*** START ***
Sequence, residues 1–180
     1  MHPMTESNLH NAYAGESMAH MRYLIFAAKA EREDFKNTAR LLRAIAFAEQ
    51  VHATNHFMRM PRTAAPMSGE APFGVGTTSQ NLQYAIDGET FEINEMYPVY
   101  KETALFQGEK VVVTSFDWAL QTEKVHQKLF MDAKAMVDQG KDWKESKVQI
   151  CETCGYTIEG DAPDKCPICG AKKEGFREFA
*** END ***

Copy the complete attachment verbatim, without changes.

Sequence, residues 1–180
     1  MHPMTESNLH NAYAGESMAH MRYLIFAAKA EREDFKNTAR LLRAIAFAEQ
    51  VHATNHFMRM PRTAAPMSGE APFGVGTTSQ NLQYAIDGET FEINEMYPVY
   101  KETALFQGEK VVVTSFDWAL QTEKVHQKLF MDAKAMVDQG KDWKESKVQI
   151  CETCGYTIEG DAPDKCPICG AKKEGFREFA